Towards the end of October two officers of the British Royal Army Medical Corps appeared at the American Hospital looking for ambulances. The battles of the Marne and the Aisne had passed into history. Paris was saved and the fighting rolled away to the north and east. The remnants of the British Army had left their positions on the Aisne and made the long march to the Belgian frontier. They were even then moving into positions around Ypres for the last desperate battle before trench warfare immobilized the front from Switzerland to the North Sea. Motor ambulances were desperately needed by the British. Our 10 cars stood idle at the Lycée Pasteur. But soon they moved.

November-December 1914

On 2 November, a section of 5 ambulances left Paris for the British front and a few days later was followed by an old Mercedes ambulance and a Ford touring car for the Section Chief. All were assembled at Merville in the Pas-de-Calais. We were promptly attached to the Indian Army Corps, which had just arrived from the Far East and was at that time holding a portion of the line around Béthune, opposite Lille. [...]

Following the terrific fighting at Ypres in early November 1914, the British front quieted down.The artillery on both sides kept up a desultory fire, but except for an occasional raid there was little activity until the disastrous British attack in February at Neuve Eglise, south of Ypres. Section One settled itself in Merville. We were billeted in the garret of a large house located in a lumber yard at the edge of the town where canal boats were built. We slept on the floor, washed at an outdoor pump, and messed at the local pub, appropriately called the "Canon d'Or." The townspeople went about their work never dreaming that three years later Merville would be practically obliterated by shell fire and its ruins deluged in gas. [...]

Several of the Merville veterans drifted away. New arrivals had come in from America, including A. Piatt Andrew. Little did we realize when we first met this debonair and forceful man that it was he who would buildup the American Ambulance into the great American Field Service. [...]

January-February 1915

By the third week in January our cars were repaired, the new men assimilated, and we were ready to go north again. Ten ambulances, a staff car, and a supply car with a complement of 19 men set out for Dunkerque on 18 January, expecting to go to the French Army in the sand-dune country along the Belgian coast. We slept the first night in our cars, parked in the square at St. Omer, and reached Dunkerque the next day. Here we met with an unpleasant surprise,for the French ordered the Section to set up business in Dunkerque.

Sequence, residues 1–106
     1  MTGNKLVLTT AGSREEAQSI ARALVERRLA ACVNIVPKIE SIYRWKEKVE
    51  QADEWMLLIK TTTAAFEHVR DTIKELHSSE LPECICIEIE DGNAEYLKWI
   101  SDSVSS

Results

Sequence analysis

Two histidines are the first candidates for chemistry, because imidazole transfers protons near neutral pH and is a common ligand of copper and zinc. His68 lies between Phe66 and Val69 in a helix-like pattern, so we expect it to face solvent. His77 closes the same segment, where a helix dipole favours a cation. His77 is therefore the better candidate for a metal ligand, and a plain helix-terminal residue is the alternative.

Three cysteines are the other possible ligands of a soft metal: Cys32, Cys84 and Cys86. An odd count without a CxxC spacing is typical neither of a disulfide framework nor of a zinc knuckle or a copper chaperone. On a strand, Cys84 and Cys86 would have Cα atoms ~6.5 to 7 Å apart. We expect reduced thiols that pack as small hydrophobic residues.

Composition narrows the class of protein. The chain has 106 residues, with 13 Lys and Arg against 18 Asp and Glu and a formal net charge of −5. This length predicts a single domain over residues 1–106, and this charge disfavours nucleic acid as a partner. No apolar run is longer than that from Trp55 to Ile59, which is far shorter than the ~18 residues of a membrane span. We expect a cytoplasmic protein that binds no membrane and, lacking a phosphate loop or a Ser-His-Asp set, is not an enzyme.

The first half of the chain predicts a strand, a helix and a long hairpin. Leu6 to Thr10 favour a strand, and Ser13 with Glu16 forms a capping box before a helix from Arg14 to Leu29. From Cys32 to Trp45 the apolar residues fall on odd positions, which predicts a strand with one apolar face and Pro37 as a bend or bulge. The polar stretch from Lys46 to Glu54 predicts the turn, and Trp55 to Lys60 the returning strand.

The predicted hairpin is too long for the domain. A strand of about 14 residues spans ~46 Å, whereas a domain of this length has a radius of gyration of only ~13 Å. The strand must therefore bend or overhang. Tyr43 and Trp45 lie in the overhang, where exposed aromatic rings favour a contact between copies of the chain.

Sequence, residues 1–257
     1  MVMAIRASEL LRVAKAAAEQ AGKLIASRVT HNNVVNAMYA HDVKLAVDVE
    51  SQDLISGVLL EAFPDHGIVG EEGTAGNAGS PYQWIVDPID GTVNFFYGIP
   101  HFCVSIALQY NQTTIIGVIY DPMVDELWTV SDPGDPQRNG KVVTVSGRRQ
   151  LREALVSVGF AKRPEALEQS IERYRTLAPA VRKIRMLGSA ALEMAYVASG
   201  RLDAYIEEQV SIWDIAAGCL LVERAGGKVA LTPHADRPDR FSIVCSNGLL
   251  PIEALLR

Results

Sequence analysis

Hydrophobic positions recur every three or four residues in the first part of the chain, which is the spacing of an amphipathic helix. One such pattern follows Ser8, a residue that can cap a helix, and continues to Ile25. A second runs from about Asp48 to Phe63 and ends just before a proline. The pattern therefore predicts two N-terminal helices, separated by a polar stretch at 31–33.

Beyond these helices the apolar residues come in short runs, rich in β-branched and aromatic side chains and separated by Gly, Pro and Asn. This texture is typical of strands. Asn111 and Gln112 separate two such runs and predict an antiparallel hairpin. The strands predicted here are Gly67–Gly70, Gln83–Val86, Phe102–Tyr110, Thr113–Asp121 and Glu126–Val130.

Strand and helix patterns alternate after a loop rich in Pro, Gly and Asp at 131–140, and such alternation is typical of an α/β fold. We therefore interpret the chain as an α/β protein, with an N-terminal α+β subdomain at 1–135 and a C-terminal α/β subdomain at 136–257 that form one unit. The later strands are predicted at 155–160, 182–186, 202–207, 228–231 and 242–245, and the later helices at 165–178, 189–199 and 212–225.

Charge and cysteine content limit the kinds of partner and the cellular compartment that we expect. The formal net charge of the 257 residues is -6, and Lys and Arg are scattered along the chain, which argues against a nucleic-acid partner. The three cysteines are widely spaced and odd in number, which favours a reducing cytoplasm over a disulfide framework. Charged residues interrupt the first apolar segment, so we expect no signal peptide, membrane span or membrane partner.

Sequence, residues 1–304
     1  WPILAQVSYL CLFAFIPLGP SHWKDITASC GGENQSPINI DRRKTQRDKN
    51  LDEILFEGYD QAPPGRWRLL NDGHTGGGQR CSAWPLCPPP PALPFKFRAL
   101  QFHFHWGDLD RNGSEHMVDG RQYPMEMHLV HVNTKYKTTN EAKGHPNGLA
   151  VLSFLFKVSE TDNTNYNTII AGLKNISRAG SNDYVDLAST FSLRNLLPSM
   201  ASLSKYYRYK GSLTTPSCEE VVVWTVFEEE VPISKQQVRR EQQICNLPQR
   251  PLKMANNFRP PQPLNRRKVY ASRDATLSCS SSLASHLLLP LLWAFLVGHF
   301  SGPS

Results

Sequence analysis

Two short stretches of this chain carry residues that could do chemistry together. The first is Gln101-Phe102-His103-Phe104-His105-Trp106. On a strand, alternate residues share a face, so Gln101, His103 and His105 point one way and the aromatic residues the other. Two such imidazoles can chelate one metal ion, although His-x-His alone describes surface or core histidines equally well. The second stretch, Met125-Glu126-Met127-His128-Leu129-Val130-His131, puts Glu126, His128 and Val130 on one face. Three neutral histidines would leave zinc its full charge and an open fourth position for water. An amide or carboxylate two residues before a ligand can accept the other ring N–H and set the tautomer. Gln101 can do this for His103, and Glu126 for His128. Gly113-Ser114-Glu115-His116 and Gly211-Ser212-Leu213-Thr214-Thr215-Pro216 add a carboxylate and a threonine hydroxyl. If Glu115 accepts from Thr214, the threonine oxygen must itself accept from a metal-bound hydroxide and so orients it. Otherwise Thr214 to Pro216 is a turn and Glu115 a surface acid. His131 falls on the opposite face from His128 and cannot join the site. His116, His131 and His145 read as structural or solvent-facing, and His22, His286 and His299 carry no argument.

We found ourselves attached to the French Army, designated the Detachment of the Army of Belgium, holding the line from the Channel to Ypres except for a few miles of flooded country where the battered remnant of the Belgian Army was entrenched around Pervyse. Night and day we carried French wounded from the hospital trains to the twenty or more military hospitals set up in Dunkerque. We were started on the road which was to take Section One through the bombardment of Dunkerque and the German gas attack in April,when at Elverdinghe the Section distinguished itself and Balbiani won the Croix de Guerre.

An important event occurred on Washington's Birthday-22 February, 1915.The Section celebrated with a dinner at its favorite "estaminet."As we were sitting down, a long black car drove up and out stepped Mr. Robert L.. Bacon, former American Ambassador to France and at that time a sort of inspector general for activities connected with the care of wounded British and French soldiers. Mr. Bacon had known Piatt Andrew in Washington and he saw at once that Doc's talents were not being used. When he left that night for Paris, Andrew went with him to begin the work of developing the American Ambulance into the American Field Service.

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A driver with the Hector-Monroe ambulance corps in the north of France:

Spence Burton, The Letters of Caspar Henry Burton, Jr.. Edited by his brother, SPENCE BURTON, S.S.J.E.

"While he was in New York, Mr. Robert Bacon offered him the position of a driver in the first American Flying Ambulance Corps. He longed to accept. "

More about the American Ambulance's first "field ambulance cars":

Draft of official report on American Ambulance's detached motors, from the Samuel B. Watson Collection at the Hoover Institute.

"The first unit of ten cars with one car for carrying repair parts and a pilot car was offered to the Red Cross Service of the British Army and commenced its work in November 1914. "